When Star Wars: The Rise of Skywalker hit theaters back in December, it revealed the fates of all the characters introduced in the latest trilogy of Star Wars films, and while some of them were gifted with happy endings, others weren’t so fortunate. General Hux is one of the characters whose end turned out to be tragic, though he arguably deserved his untimely demise after all the pain he caused out heroes.
Basically, in the final movie, Hux turned informant for the Resistance, feeding them info about the First Order. He didn’t do it out of the kindness of his heart, though, only because he wanted to bring down Kylo Ren. But in the end, Allegiant General Pryde (Richard E. Grant) found out what he was up to and shot him dead.
That sounds like a pretty good story, and it would have been nice to get further insight into this Star Wars villain. And we’re not the only ones who think so. Domhnall Gleeson, who played Hux, revealed that he would have liked to explore his character in more depth before he was killed off — even if he does ultimately believe J.J. Abrams made the right call killing Hux when he did.
“It would’ve been nice to stick around a little bit longer, sure,” Gleeson told IndieWire in a recent interview. “It would’ve been nice to see the spy thing play out a little bit, but J.J. [Abrams] knows what he’s doing, and I heard a kind of gasp in the cinema when it happened, so I guess he was right.”
It’s a fair point that playing a double agent would have turned Hux into a more interesting villain, and it would have presented a conflict between the First Order and Kylo Ren, which opens all sorts of interesting political possibilities. Unfortunately, there probably wasn’t time for such a storyline in the already-packed conclusion to the Skywalker Saga. “The film is what the film needed to be, I think,” Gleeson said. “There’s always stuff that you would like to see more of, but you can’t have a 17-hour film, I’ve been told. Apparently that’s not allowed, so I was happy with what was there.”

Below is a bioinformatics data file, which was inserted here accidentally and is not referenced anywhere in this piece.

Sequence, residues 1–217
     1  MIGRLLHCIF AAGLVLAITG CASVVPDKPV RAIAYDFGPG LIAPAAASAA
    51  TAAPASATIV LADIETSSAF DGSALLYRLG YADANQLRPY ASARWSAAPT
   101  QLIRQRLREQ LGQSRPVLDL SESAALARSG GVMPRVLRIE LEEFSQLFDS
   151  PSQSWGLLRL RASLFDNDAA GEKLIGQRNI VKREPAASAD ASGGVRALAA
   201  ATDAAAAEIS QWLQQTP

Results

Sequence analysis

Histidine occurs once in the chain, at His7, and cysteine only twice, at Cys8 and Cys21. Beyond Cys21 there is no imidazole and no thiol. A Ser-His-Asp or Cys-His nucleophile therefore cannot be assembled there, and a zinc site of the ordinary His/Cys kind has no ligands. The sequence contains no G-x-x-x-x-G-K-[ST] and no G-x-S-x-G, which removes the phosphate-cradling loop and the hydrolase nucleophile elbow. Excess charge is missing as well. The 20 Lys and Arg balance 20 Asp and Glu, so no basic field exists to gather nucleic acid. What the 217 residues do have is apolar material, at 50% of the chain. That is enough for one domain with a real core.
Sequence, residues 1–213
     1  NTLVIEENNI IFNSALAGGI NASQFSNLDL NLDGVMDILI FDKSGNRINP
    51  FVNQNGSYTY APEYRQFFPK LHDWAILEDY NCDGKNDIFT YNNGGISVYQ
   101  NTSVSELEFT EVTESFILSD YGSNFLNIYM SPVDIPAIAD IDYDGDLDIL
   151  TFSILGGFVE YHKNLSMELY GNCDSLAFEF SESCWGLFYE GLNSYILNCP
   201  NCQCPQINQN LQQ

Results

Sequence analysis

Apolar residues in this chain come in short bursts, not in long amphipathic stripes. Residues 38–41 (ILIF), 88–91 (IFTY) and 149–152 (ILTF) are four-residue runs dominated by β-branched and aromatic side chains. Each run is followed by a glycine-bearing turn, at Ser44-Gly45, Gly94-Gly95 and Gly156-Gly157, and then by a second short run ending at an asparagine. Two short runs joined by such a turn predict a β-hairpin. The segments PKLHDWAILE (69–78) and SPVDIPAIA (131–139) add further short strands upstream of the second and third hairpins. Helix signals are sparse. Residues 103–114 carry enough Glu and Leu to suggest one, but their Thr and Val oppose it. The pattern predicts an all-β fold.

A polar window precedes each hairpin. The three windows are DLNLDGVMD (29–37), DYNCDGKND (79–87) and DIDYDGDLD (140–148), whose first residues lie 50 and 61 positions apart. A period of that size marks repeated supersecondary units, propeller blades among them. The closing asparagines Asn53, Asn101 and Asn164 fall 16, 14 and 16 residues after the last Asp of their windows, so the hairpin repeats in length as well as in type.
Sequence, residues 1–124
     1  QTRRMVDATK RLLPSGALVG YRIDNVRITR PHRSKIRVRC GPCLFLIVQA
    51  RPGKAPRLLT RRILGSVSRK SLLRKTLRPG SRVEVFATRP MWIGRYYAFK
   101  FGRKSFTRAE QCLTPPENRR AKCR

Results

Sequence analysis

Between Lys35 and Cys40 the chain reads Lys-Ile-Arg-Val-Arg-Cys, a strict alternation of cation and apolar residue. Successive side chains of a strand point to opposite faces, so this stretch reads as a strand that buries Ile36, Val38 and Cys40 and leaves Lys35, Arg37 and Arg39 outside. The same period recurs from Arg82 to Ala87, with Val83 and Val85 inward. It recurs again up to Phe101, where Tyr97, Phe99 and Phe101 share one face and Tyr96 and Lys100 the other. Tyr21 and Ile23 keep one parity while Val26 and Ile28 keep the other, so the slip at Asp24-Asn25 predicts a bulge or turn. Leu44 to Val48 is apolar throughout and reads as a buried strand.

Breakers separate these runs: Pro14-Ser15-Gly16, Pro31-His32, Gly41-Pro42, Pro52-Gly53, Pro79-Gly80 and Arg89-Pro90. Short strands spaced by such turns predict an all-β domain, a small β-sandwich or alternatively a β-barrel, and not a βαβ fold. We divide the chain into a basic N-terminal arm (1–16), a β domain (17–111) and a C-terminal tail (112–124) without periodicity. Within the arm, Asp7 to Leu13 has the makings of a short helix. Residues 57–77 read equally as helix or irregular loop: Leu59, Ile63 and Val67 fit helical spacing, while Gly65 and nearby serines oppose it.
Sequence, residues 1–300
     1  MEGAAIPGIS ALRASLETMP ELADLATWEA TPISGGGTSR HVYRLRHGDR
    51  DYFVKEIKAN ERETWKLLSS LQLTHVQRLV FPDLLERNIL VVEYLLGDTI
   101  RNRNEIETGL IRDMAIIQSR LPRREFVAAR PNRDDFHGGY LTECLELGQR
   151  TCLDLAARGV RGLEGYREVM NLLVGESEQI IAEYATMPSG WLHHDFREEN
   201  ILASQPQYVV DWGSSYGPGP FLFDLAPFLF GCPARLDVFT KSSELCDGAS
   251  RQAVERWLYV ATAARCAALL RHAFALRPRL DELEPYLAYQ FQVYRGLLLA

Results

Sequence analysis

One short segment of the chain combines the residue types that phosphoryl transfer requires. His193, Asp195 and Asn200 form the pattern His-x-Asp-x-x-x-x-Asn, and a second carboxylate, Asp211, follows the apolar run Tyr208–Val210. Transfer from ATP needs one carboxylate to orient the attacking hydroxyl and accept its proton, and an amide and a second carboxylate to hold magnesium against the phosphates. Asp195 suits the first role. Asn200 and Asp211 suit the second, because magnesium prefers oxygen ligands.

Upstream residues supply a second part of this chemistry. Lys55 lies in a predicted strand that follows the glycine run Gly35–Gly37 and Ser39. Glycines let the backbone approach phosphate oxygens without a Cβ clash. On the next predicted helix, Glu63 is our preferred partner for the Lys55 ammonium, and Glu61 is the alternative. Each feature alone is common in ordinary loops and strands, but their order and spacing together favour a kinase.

Although we’re not totally against a 17-hour Star Wars installment, it’s understandable that the creative team for The Rise of Skywalker preferred to focus on major storylines and characters over minor ones like Hux. Even so, a more complex villain narrative would be a welcome addition to the franchise. Perhaps we’ll see it come to fruition in future projects, whenever those come around.
Also, no matter what version of Episode IX we got, Hux was always a goner. In concept art for original director Colin Trevorrow’s version of the movie, it looks like Hux impales himself with a lightsaber:
I guess Hux never had a chance.